If you are a native English speaker with a bachelor’s degree, you might be interested in teaching English abroad. If so, you may have come across the acronyms ‘ESL/EFL’ and wondered what the difference between ESL and EFL is. Fortunately, it’s a simple explanation. Keep on reading for everything you need to know about ESL vs EFL.
ESL stands for ‘English as a Second Language’, and is usually taught to students in an English-speaking country. EFL stands for ‘English as a Foreign Language’ and is taught to students in a non-English speaking country. For example, the term used in the United States is ESL, whereas EFL is used in countries like China where English is not the native language.
Curious about the difference between ESL and EFL? Continue reading for all the information you need to teach EFL and teach ESL.
What is ESL? What is EFL?
When studying ESL, a student learns English in an English environment. That means that English is spoken outside of the classroom, and immersion is prioritized. In this program, the student learns English to use it in their daily life and outside of the classroom. This program differs from EFL, where immersion is not a part of the program.
On the other hand, a student studying ELF learns English in the classroom but continues to speak their native language at home and in their social lives. For example, a student from Japan might study in English in school, but return home to speak Japanese.
This would differ from an ESL student’s situation in Peru, who would learn English in class and return home to speak English as well. Students in an ESL program will need to learn enough English to keep up with school work and communicate with their peers.
TEFL vs TESOL vs CELTA
To add to the confusion, there are a ton of different acronyms for English teaching certificates. Not to worry, we have a quick summary right here for you. Have a look:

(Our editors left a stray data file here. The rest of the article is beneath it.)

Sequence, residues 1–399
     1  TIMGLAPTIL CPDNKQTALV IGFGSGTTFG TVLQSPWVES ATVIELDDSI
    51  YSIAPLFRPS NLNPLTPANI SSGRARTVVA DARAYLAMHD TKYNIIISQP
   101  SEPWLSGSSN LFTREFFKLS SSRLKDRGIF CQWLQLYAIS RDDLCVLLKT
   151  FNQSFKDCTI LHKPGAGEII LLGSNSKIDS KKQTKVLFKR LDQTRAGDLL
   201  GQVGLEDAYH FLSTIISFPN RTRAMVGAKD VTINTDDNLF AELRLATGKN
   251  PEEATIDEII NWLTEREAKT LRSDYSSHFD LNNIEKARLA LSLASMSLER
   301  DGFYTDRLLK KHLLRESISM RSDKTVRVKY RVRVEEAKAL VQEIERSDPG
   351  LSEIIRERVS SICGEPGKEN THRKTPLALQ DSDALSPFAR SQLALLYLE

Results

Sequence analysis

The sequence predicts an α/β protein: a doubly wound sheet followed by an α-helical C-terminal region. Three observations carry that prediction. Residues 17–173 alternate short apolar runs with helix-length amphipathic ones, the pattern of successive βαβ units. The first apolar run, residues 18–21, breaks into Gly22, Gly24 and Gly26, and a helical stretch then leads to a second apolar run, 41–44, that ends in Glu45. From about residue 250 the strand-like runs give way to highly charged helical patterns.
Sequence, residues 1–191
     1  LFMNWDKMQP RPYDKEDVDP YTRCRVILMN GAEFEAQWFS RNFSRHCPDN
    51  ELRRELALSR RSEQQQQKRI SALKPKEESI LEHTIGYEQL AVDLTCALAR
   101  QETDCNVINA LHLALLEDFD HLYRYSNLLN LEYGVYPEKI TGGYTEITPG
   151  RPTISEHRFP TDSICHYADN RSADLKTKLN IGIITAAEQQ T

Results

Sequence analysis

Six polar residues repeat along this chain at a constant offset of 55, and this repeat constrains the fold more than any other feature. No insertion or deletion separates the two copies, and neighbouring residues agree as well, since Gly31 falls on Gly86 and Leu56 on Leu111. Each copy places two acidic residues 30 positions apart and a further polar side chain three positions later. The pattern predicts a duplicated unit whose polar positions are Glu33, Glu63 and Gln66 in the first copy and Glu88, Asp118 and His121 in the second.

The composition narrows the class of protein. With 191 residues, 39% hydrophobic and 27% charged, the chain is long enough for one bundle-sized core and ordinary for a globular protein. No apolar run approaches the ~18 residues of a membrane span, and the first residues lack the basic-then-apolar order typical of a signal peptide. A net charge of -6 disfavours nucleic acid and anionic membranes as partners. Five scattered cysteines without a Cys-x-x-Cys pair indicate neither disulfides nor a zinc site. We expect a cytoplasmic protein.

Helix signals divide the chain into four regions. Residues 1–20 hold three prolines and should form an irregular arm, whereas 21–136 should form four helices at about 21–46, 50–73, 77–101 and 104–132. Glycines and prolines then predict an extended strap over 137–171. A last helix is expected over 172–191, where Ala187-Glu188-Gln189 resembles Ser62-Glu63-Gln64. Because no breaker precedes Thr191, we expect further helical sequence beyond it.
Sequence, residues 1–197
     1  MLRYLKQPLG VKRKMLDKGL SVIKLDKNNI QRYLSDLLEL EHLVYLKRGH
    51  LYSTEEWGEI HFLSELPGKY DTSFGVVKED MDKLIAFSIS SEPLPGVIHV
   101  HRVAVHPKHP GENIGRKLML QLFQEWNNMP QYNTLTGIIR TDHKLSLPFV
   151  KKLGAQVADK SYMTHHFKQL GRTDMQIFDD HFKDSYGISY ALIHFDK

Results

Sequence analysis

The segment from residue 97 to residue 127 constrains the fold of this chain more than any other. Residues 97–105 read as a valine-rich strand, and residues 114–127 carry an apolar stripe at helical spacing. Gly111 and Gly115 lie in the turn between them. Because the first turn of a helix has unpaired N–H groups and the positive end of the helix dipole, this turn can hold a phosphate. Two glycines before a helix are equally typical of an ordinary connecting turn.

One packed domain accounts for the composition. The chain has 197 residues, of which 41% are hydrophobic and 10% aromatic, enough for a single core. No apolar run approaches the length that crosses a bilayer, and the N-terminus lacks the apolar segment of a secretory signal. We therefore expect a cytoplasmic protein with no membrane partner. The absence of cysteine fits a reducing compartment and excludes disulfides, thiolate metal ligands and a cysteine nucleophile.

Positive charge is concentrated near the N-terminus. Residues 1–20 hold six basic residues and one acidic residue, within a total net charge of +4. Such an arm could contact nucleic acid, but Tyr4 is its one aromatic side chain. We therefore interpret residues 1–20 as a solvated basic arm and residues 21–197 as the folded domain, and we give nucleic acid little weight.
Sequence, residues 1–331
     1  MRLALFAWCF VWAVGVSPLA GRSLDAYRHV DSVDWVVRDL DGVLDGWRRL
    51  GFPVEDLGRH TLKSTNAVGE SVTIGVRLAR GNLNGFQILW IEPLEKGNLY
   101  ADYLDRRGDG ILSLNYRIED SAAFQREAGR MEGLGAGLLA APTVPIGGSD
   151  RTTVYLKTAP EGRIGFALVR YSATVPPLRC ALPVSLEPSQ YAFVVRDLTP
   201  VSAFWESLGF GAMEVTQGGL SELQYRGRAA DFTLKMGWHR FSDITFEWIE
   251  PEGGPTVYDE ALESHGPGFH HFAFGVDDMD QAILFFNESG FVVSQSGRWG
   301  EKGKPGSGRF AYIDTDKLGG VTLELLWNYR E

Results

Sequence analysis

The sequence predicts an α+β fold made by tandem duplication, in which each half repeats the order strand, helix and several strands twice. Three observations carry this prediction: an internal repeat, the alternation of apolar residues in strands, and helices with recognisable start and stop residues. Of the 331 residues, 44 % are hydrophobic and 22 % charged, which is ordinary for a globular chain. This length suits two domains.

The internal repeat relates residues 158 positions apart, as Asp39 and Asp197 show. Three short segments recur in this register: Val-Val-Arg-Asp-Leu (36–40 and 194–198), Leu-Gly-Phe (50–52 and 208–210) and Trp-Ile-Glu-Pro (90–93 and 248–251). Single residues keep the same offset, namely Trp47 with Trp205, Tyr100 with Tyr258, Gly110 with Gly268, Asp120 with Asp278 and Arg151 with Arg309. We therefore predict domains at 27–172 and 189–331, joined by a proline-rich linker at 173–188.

Teaching ESL vs EFL
As you might have guessed, the teaching experiences for each of these programs differ greatly. The difference between programs affects the content of the course and how teachers deliver that content. Keep reading for the information you’ll need to decide between teaching ESL and EFL.
In many ESL classes, students learn general English that they use to communicate with their friends and work in school. Not only will you teach them conversational English, but you will also help them with terminology to succeed in their other courses, like science and history. English is the language of instruction for the rest of an ESL student’s subjects, so it is essential knowledge to ESL students. One of the roles you will have as an ESL teacher will be to expose the students to as much English-speaking culture as possible.
As an EFL teacher, your role and responsibilities change. Classes are more traditional, in that they focus on grammar, vocabulary, and pronunciation. The difficulty of this content increases with age and time, so older students will be working with more advanced ideas. As the student will not have many opportunities to speak and use English outside of the class, class time is more focused on increasing the exposure and use of English.
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ESL Students Need…
The needs of ESL students differ from EFL students. Check out this list to get an idea of what ESL vs EFL students need.
- Hands-on English instruction
- Exposure to English culture and society
- Integration and immersion